Message from Laura Bhoi, President, BHS
I wanted to share with you some exciting news. On July 31, 2014, we joined together with Edgewood Treatment Center (Edgewood) to become one of the largest single providers of adult addiction and mental health treatment in Canada. A truly national option, this Canada-wide network combines our world class mental health and addiction centres and outpatient offices under the Edgewood Health Network (EHN).
Bellwood and Edgewood have always shared an important and common focus: the needs of our patients. Our passion for this work is evident as collectively we have more than 50 years of experience in the treatment of mental health and addiction. Canadians will be comforted to know that we are going to continue the tradition of providing quality care – we will continue the work that Dr. Gordon Bell began decades ago. Read more
We all deal with our emotions in different ways. One may seek refuge in a friend, while others may withdraw and seek solitude. Some people turn to food as a source of comfort and pleasure. This scenario is not typically ruled by physical hunger, but rather an emotional hunger that is satisfied by specific foods, such as potato chips, ice cream or chocolate. Most comfort foods have something in common; they contain sugar, fat and/or sodium. It may be difficult to control how much we eat during these times, as ‘comfort foods’ elicit a calming feeling and ultimately improve our mood – fueling us to continue eating. We have all engaged in this behaviour on occasion in the past, but at what point does this behaviour become problematic? When one eats to create a feeling, or to manage emotions regardless of hunger levels, this creates an unhealthy relationship with food. Read more
Benzodiazepine Abuse Epidemic
Benzodiazepines are a prescription medication that is commonly prescribed by a physician for individuals with legitimate medical conditions such as:
Inducing amnesia for uncomfortable procedures
Yet, individuals across North America are obtaining these prescription drugs illegally and therefore are abusing these drugs to obtain the side effects that one experiences using them.
There is a serious epidemic occurring in the United States and is quickly spreading into Canada. According to a recent report released in 2013 from the International Narcotics Control Board, Canada is now the second- largest per capita consumer of prescription opioids, behind the U.S.
As stated by Health Canada, “In 2012, about 1 million youth, aged 15-24 years, reported having used a psychoactive pharmaceutical in the past year.” As a result of this research, Health Canada is looking for ways to raise awareness among parents and youth about the health risks of marijuana and prescription drug abuse. Read more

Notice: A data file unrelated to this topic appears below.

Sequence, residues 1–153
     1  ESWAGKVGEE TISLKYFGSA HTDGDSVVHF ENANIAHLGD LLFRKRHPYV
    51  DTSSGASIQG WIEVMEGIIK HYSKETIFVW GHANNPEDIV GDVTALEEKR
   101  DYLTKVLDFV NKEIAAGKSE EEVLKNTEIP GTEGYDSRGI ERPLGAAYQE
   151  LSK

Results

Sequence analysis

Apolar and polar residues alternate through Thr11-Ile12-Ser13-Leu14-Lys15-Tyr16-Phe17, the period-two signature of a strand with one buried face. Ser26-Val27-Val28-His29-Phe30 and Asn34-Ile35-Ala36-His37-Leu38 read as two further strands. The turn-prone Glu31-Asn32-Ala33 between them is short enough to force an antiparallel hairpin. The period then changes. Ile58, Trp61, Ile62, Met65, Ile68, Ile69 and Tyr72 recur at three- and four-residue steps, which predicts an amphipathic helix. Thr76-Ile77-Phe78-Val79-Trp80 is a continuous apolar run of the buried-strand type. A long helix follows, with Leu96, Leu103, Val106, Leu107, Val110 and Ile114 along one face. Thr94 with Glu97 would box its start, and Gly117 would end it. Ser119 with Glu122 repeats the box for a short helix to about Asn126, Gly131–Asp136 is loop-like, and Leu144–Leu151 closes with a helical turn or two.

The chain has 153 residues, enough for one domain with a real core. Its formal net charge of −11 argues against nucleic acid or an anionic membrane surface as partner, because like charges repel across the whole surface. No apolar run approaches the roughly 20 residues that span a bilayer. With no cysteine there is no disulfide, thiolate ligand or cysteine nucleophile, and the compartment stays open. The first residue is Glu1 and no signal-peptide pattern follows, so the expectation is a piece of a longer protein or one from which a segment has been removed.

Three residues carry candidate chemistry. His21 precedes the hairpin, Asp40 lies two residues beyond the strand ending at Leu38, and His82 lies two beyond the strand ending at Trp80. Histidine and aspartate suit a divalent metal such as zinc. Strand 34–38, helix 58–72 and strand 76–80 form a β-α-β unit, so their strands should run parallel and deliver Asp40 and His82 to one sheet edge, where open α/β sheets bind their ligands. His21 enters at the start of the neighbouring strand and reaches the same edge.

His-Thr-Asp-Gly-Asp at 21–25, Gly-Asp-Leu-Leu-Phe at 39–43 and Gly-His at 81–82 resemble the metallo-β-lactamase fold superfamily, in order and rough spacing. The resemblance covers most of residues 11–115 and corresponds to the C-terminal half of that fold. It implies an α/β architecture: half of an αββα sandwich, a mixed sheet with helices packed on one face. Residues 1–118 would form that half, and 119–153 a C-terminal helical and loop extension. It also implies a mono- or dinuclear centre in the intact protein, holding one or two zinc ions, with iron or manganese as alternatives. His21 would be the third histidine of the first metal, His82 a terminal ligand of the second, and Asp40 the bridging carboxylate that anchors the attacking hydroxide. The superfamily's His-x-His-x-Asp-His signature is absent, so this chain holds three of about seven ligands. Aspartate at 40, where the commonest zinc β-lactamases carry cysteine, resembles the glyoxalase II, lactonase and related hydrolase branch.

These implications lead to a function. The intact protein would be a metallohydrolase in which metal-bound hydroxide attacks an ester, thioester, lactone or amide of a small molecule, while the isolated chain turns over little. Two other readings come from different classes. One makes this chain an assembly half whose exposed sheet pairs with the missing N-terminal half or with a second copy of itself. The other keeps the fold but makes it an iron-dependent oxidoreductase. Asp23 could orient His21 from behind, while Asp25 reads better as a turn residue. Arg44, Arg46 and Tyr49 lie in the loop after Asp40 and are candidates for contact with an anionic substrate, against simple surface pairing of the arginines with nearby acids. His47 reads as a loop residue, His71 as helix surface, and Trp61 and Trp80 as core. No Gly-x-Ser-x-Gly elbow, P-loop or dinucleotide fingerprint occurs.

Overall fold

The notion of self-care is no longer an exotic or optional practice for healthcare workers. However, the way in which it is effectively incorporated into the life of a nurse working in a mental health setting is not routine by any means. Given my experience as a nurse for over a quarter century in the addiction treatment field, I have reflected on what it means to effectively integrate self-care into practice. In the “caring professions,” burnout is becoming more and more common. This unfortunate outcome may be intensified, given that individuals seeking help for addiction or other healthcare services are presenting with very complex problems. Therefore, self-care becomes imperative to ensure there isn’t a “cost of caring” for those providing the care.
For 15 years I worked at a women’s addiction treatment program and it was there the issue of self-care for staff became apparent. Read more
Food is one of our primary sources of pleasure, and critical to our survival. In a healthy reward pathway of the brain, food is a natural stimulus that produces feelings of pleasure from the release of dopamine. This gratifying feeling makes this activity worthy of repeating, as we want to experience it again. However, not all foods have the same effect on the brains’ reward system. So why do certain foods activate the brains’ reward system more than others? Sugar, salt and fat are three substances that ‘hijack’ the brains’ reward system, by releasing a burst of dopamine, similar to the effects of drugs and alcohol. As more research emerges, we gain knowledge about how a diet of large portions of refined and processed foods affect the way our brain responds to food. Some individuals develop a dependence on these foods to feel happy and satisfied, and eventually develop a tolerance by needing more of these ‘addictive’ foods to experience feelings of pleasure. Read more